One of the most often over-looked factors I see regarding production problems in pecan is a consideration of the site where the orchard was planted. Not long ago, I spoke with a grower who had been on a very good fungicide program. His scab control was excellent in most orchards but in a few orchards scab was a problem. As it turns out, most of those orchards in which scab was becoming a problem were smaller orchards of 30 acres or less and surrounded by woods. The surrounding woods hold moisture in the area and block wind, limiting airflow in the orchard. Sounds too simple to be the source of the problem, but I’ve seen it many times.
Aside from air flow, elevation is an important factor to consider as well. Most growers know this but too often fail to accept it as a serious issue in their own orchards. Scab-susceptible cultivars planted in low lying areas often have serious problems with scab. This can be readily observed by comparing scab severity on trees on low and high ground within the same orchards. Invariably those trees at the bottom of a slope or in a low-lying hole will have more scab problems than those on the higher ground.
A scab susceptible cultivar planted in a low-lying area surrounded by woods is a recipe for disease problems no matter what fungicide program you are using. Certain conditions may cause the climate in one zone within an area to differ from the surrounding areas. I believe this is one reason we see such a wide spectrum of disease control from one area to another with basically the same fungicides being used. The scientific term for this is “microclimate” and it varies greatly when comparing, for example, Albany, Georgia with Ft. Valley or Waycross with Americus. We often talk about the differences in the amount of rainfall in these locations. But, middle Georgia is on much higher ground than that of Southwest or Southeast Georgia. As a general rule, I would say that sites with an elevation of 300′ or more will have an easier time producing pecans. I never realized how much difference there was in elevation from one location to another in South and Central Georgia. This map shows some of the variation in elevation across the Georgia pecan belt.
But, even with good elevation, an orchard surrounded by woods will tend to have more scab issues than one out in the open. I met with a grower a few years ago in middle Georgia who was having problems with scab control in an orchard growing beside a large block of hardwoods that sloped down to a creek. Air flow was an obvious problem. The decision was made to remove a portion of the hardwoods, opening up more room for sunlight and air movement in the pecan orchard. As a result, scab control improved dramatically. There was no need to undergo the time consuming and expensive task of changing over cultivars in the orchard or changing up the fungicide spray program. Simply taking the time to look around at the surroundings with an open mind provided the solution.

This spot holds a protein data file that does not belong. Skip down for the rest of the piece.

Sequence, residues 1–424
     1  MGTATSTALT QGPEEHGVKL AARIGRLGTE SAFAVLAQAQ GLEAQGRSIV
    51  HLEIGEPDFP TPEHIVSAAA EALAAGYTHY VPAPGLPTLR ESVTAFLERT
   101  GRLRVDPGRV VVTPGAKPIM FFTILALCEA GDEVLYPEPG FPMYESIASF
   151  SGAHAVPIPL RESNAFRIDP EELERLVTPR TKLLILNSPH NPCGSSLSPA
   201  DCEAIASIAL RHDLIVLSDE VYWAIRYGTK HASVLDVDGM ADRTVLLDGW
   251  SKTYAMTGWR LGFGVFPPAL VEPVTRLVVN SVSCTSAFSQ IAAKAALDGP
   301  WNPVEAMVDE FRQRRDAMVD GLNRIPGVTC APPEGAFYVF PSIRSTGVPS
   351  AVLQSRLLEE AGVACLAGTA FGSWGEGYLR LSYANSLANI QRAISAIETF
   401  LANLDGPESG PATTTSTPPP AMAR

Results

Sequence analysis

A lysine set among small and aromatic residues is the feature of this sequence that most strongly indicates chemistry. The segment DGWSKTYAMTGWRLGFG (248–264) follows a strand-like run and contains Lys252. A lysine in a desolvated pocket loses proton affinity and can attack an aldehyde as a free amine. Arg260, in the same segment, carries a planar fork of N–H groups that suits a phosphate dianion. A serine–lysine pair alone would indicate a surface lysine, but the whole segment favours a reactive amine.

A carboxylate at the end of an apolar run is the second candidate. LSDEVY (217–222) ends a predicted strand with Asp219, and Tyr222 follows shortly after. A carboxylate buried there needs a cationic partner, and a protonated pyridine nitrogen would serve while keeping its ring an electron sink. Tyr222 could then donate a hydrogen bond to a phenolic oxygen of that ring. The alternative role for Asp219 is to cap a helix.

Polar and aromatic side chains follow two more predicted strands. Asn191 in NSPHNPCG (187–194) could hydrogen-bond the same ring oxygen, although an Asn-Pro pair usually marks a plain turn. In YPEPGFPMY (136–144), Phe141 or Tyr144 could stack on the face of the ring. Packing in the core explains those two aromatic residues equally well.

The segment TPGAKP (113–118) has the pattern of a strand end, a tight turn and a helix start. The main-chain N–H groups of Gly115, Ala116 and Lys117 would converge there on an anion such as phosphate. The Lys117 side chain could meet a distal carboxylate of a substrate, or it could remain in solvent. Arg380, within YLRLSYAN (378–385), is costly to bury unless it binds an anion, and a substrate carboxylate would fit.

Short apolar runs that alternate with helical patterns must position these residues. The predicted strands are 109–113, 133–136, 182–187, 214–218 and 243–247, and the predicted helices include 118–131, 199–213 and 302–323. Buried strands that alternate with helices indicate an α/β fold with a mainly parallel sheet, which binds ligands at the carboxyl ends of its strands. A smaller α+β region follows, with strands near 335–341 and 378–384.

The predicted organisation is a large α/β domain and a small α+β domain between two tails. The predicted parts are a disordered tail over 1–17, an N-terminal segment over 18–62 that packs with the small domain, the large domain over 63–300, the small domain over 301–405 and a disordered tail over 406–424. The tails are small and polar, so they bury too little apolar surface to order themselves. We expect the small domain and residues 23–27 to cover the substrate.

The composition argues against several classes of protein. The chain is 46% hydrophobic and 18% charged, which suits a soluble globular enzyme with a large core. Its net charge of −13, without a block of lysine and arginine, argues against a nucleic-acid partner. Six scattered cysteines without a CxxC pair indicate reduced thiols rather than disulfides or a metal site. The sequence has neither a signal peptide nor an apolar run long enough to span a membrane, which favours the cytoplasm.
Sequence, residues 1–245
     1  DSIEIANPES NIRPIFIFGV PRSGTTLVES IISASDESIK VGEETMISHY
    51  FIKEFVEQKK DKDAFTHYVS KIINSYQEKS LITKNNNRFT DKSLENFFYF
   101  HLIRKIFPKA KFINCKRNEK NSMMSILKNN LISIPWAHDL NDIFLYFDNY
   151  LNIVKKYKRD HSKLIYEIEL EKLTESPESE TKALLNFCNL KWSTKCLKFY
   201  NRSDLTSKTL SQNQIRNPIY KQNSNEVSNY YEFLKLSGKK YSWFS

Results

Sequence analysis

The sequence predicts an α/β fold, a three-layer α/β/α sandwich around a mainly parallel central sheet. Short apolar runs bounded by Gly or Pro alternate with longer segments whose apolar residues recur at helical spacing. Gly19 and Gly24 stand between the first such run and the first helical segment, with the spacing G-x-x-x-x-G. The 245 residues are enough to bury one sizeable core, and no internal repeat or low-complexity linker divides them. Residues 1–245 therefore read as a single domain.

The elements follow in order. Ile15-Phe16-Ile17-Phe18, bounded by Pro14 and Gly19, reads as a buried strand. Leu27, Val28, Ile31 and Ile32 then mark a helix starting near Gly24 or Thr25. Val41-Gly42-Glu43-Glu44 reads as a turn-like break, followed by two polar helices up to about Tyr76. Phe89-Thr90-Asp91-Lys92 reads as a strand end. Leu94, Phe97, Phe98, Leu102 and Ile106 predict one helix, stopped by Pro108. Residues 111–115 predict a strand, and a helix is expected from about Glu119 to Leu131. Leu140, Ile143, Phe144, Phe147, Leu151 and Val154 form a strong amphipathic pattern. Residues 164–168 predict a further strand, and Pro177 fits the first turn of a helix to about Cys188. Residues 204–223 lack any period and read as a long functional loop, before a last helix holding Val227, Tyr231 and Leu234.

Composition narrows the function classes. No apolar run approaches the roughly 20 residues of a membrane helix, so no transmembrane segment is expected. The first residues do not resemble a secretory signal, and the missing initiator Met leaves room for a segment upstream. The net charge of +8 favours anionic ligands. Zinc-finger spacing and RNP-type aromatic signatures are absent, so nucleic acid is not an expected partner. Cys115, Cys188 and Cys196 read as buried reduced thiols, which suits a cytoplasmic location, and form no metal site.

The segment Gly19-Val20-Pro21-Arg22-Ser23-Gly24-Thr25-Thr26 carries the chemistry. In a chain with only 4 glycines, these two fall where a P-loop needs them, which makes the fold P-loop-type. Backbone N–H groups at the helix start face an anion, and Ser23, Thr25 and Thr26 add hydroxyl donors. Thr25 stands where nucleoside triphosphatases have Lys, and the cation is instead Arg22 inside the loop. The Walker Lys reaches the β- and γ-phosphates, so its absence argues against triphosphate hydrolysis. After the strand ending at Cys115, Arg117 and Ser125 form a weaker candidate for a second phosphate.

Production issues affected by elevation are not solely limited to problems with disease. Many of the quality problems we are seeing have arisen from heavy insect pressure in August, heavy cloud cover (limited sunlight) in September, and warm, wet harvest conditions. These same conditions occurred everywhere pecans are grown in the state. But, I hear more complaints about quality from those areas with lower elevation or poor air flow, particularly on older trees. Such trees are more stressed in general. Add to this the factors mentioned above (insects, sunlight, etc.) and the resulting production issues (poor quality) become magnified.
Invariably I see more production problems each year in these same areas with low elevation or limited air flow due to the surroundings of the orchard. These situations lead to more stress on the tree which opens up the opportunity for a multitude of problems to arise, including the quality issues we see this year.
That’s not to say pecans can’t be grown in areas with elevation below 300′. Growers in these areas just need to plant disease resistant cultivars and be more aggressive in managing sunlight and air flow in these locations.